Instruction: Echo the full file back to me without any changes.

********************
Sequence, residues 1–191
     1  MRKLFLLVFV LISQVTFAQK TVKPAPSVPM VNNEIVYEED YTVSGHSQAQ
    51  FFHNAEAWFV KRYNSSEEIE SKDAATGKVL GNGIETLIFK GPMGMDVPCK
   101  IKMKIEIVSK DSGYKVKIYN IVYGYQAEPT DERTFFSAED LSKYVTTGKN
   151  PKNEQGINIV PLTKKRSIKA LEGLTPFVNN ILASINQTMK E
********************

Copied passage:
Sequence, residues 1–191
     1  MRKLFLLVFV LISQVTFAQK TVKPAPSVPM VNNEIVYEED YTVSGHSQAQ
    51  FFHNAEAWFV KRYNSSEEIE SKDAATGKVL GNGIETLIFK GPMGMDVPCK
   101  IKMKIEIVSK DSGYKVKIYN IVYGYQAEPT DERTFFSAED LSKYVTTGKN
   151  PKNEQGINIV PLTKKRSIKA LEGLTPFVNN ILASINQTMK E